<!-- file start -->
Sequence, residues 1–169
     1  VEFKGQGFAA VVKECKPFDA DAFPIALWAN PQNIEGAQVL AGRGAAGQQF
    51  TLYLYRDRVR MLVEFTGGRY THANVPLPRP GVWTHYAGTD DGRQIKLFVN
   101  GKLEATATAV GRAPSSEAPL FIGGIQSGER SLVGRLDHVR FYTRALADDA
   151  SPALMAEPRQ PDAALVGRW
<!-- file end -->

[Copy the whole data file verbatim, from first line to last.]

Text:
Sequence, residues 1–169
     1  VEFKGQGFAA VVKECKPFDA DAFPIALWAN PQNIEGAQVL AGRGAAGQQF
    51  TLYLYRDRVR MLVEFTGGRY THANVPLPRP GVWTHYAGTD DGRQIKLFVN
   101  GKLEATATAV GRAPSSEAPL FIGGIQSGER SLVGRLDHVR FYTRALADDA
   151  SPALMAEPRQ PDAALVGRW